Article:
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Some Winter Fly Tying

Once upon a time I did quite a bit of fly fishing, and it shouldn’t be surprising I got involved with tying my own flies to match the bugs emerging from my local streams. In the past few years, fly fishing has become more of an occasional pastime for me and I haven’t been doing nearly so much tying either.

Deer hair frog

This coming summer, my buddy East Texas Red and I plan to go on a week-long canoe trip into Quetico, so I’ve been thinking about what kinds of flies I’ll need fishing for walleye, bass and pike. This means a variety of streamers imitating leaches and minnows and it also means floating flies imitating critters such as frogs. I don’t have a lot of experience tying these types of flies.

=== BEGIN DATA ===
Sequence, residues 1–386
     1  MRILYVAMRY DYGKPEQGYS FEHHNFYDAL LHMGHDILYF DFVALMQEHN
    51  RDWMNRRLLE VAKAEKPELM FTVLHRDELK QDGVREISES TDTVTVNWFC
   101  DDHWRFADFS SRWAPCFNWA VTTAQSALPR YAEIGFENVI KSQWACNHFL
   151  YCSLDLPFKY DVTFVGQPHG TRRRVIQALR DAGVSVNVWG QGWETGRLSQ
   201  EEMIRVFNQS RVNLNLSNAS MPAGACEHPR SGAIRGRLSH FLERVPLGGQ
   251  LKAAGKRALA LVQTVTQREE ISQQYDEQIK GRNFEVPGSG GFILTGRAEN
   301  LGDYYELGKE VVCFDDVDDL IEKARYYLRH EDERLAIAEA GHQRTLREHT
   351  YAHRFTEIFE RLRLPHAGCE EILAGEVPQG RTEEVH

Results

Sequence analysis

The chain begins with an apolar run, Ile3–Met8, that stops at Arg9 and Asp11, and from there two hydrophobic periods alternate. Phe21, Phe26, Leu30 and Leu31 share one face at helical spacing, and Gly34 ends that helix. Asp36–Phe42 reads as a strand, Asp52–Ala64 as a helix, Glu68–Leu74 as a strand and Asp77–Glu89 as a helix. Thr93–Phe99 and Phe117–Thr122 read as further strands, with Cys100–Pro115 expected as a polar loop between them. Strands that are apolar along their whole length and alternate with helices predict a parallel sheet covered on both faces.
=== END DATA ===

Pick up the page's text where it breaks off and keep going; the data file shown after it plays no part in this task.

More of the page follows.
Zonker

I bought various materials which I thought I’d need online, and I’ve been looking at the work of other tiers who create flies for lake fishing, and since I have a restless imagination, I’ve been messing about with different variations at the vice without a lot of planning involved.

My neat and well-organized tying bench

When I tied a lot of flies I became fairly fast at it as I improved my skills. I’m not nearly so fast anymore, so I’m starting early and tying just 1 or 2 flies at a sitting. By the time August rolls around, I expect to have a full box of flies for the trip, enough for both East Texas Red and me.

Bucktail

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